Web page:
Don’t Raise Good Kids

Parents, don’t raise good kids. I’m a recovering good kid, and I’m here to tell you that the gospel isn’t for good kids.

I was pretty easy for my parents to raise. I was generally compliant, had a buoyant, warm personality, didn’t get into any serious trouble, was liked by my teachers for the most part, usually did respectably in school, was a leader in my church groups, and had plenty of friends. My adolescent, wild-oat sowing would only generate smirks and eye rolls.

My folks and most adults in my life affirmed me as a good kid, and I believed it. Which posed a problem for me: I struggled to grasp the gospel.

Me? Hell?

Though I believe my pre-adolescent conversion was real — God is gracious to produce and honor a small seed of real faith — it was hard to swallow that I was that bad. God showing favor on me in redemption made sense because others had shown favor on me. But it was hard for me to see that this favor was not the approval of a good kid but the pardoning of a condemned sinner. Really? Me deserve hell?

It took quite a while — I am, in fact, still recovering — to see that in reality I was (am) profoundly depraved. Much of my outward good behavior was fueled by evil, selfish motives. Underneath my good-kid veneer was a glory-stealing, envious, covetous, idolatrous, lecherous person.

What Total Depravity Really Is

That’s why I think one of the best things we parents can do for our children is to teach them the doctrine of total depravity. Here’s how John Piper puts it in the new book Five Points: Towards a Deeper Experience of God’s Grace:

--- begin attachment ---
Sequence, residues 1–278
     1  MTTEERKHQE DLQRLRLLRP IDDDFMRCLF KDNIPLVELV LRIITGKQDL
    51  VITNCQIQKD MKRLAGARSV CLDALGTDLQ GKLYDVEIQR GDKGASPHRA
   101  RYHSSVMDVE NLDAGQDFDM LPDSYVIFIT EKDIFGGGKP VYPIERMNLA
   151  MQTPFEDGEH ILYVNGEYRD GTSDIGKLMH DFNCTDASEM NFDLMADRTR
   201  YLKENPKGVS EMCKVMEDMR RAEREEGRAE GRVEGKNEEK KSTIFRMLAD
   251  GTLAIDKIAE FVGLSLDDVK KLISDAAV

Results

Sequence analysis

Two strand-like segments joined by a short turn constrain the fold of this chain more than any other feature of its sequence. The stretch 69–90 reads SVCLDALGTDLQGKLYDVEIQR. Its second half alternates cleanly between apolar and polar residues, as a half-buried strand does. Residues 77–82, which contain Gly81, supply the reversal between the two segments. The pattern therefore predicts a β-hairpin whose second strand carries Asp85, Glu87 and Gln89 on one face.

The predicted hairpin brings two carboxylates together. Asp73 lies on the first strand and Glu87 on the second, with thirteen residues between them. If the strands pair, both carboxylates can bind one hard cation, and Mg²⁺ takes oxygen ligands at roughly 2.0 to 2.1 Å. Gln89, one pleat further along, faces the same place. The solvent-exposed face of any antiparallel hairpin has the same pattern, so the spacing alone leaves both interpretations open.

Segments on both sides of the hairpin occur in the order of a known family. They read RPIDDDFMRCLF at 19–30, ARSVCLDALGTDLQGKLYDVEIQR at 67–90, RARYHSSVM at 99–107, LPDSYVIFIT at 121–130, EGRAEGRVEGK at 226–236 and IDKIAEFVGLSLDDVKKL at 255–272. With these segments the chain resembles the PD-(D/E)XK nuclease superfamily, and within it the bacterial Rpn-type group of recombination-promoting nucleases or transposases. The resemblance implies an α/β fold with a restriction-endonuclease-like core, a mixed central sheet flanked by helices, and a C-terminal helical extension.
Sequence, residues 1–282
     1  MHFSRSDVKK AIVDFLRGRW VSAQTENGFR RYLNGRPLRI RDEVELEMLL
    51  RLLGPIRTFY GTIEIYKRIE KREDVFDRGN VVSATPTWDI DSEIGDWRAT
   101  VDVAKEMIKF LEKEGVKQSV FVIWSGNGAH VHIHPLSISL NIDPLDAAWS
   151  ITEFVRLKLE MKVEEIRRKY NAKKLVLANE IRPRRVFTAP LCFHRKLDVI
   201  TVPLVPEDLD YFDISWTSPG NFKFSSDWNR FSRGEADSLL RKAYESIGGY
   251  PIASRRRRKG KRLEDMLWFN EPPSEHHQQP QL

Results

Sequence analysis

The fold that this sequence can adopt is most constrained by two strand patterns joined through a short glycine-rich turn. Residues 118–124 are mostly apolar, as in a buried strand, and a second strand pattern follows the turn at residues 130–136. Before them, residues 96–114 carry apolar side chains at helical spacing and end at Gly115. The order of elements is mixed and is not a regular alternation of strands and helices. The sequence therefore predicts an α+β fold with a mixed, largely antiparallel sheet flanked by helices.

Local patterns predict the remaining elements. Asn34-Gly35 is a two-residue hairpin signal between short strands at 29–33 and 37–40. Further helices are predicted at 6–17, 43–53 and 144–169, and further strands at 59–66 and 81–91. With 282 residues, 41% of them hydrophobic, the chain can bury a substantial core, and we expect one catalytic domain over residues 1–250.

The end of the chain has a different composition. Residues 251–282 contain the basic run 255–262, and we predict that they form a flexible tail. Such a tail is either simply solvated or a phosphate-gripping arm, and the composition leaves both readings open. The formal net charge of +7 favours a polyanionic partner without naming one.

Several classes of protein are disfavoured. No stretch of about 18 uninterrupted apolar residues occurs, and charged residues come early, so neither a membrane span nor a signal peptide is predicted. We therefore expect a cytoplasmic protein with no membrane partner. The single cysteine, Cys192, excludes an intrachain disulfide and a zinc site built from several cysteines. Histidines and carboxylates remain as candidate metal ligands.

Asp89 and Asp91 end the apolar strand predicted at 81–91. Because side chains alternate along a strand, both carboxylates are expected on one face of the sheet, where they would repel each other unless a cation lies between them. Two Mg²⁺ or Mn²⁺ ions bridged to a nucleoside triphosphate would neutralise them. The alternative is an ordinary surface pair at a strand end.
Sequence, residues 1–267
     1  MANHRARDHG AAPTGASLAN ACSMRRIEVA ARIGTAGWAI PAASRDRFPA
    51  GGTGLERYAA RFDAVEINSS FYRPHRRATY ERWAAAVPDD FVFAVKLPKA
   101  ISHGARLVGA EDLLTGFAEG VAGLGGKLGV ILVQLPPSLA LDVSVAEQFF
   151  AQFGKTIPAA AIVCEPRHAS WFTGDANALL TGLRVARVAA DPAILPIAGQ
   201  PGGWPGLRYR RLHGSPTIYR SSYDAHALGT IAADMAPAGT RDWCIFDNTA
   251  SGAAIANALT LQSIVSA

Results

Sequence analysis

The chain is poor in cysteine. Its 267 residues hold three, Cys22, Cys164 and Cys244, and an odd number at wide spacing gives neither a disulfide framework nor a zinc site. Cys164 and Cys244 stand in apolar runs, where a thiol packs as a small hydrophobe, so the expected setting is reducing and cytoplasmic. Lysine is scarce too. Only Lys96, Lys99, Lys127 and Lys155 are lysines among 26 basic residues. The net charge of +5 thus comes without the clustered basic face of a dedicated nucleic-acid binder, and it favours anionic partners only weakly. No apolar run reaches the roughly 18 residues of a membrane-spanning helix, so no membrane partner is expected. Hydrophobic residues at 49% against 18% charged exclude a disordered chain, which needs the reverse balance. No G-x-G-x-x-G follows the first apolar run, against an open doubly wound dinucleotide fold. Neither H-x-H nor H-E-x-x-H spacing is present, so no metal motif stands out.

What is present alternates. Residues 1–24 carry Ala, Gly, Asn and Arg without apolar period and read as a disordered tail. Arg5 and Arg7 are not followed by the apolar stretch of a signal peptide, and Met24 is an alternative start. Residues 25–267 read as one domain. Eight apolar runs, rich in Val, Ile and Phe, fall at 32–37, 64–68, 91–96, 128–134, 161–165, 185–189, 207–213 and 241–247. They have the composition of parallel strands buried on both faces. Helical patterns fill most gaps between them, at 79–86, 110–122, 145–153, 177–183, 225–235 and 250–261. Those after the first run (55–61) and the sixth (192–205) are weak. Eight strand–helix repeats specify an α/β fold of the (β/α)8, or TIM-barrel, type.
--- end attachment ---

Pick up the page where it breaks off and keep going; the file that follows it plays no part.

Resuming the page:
The totality of that depravity is clearly not that man does as much evil as he could do. There is no doubt that man could perform more evil acts toward this fellow man than he does. But if he is restrained from performing more evil acts by motives that are not owing to his glad submission to God, then even his “virtue” is evil in the sight of God.

Romans 14:23 says, “Whatever does not proceed from faith is sin.” This is a radical indictment of all natural “virtue” that does not flow from a heart humbly relying on God’s grace. (Five Points, pages 17–18)

Hellions in Compliant Disguise

There’s the key: “whatever does not proceed from faith is sin.” Goodness is not behavior that ranks above the median line relative to other sinful people. Goodness is a fruit of faith (Galatians 5:22). When good kids’ behavior isn’t flowing from a deep trust in God, they’re being good for bad reasons. They’re just hellions in a compliant disguise.

“Don’t raise good kids. I’m a recovering good kid, and I’m here to tell you that the gospel isn’t for good kids.”

The good news is that Jesus came to save hellions! But it’s crucial that hellions know they’re hellions, because “those who are well have no need of a physician, but those who are sick. [Jesus] came not to call the righteous, but sinners” (Mark 2:17).

So parents, make sure you have a firm grip on the true doctrine of total depravity so that you don’t encourage evil goodness in your children. For apart from Jesus, nothing good dwells in them (Romans 7:18).